Know Who You Will be Working With

If counsel has not tried a case with a particular attorney on the other side before they should speak to others who know that attorney to get an idea of the attorney’s style in the courtroom. Halfway through opening statement is not a good time to start learning about your adversary’s style.

Even more important counsel must know the preferences of the judge. If counsel has not appeared before a particular judge for trial before it is important to speak to attorneys who have to learn the judge’s preferences and quirks. It is also wise to speak to the judge’s judicial assistant in advance, the one who sits in court with the judge. The judicial assistant can provide very valuable information about what the judge prefers.

An experienced trial judge can tell in two minutes if counsel has prepared for trial in advance or if they first looked at their file the morning of trial. It is painfully obvious. Though juries may not be as astute they quickly learn which attorney in the courtroom has prepared and which has not. You do not want to be the one they decide has not prepared.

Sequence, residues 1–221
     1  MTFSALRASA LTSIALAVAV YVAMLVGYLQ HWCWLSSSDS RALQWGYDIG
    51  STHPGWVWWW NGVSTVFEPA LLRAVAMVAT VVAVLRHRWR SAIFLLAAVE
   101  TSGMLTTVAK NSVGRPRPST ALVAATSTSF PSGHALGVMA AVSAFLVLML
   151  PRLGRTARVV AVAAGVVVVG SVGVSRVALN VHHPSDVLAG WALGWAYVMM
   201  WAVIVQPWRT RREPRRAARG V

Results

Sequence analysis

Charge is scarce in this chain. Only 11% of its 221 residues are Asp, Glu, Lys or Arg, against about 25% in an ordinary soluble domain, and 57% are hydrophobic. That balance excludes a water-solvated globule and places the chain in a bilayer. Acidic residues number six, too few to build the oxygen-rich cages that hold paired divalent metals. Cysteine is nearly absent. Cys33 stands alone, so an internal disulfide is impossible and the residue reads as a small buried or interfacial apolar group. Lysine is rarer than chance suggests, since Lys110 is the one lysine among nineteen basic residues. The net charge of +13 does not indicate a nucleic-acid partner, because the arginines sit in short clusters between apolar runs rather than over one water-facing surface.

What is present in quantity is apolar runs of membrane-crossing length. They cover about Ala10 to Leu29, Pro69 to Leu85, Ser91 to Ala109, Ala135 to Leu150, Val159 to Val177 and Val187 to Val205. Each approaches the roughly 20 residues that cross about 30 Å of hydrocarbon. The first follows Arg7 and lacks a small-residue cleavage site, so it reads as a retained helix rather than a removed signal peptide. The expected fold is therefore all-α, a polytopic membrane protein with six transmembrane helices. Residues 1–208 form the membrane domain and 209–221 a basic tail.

The better you prepare for trial and the more organized you appear the better impression you will make on both judges and juries and the more effective you will be in presenting evidence and argument. To be an effective litigator you must inspire confidence and trust. A lack of organization does not inspire confidence or trust. Spend the time you need to prepare well. It pays off greatly in many ways.

A Two Year Journey with Odyssey in Juvenile Court

The Honorable Lindsay Partridge, Marion County Circuit Court

In December, 2014, Marion County courts converted to Odyssey including juvenile court where I preside. Over the last two years, I have witnessed many positive changes from the implementation, but Odyssey has created some new challenges as well. The purpose of this article is to highlight my observations about the impact on Odyssey in juvenile court – and in particular during court proceedings. The thoughts that follow are mine alone – and perhaps are subject to criticism due to my ongoing challenge to adapt to technological changes.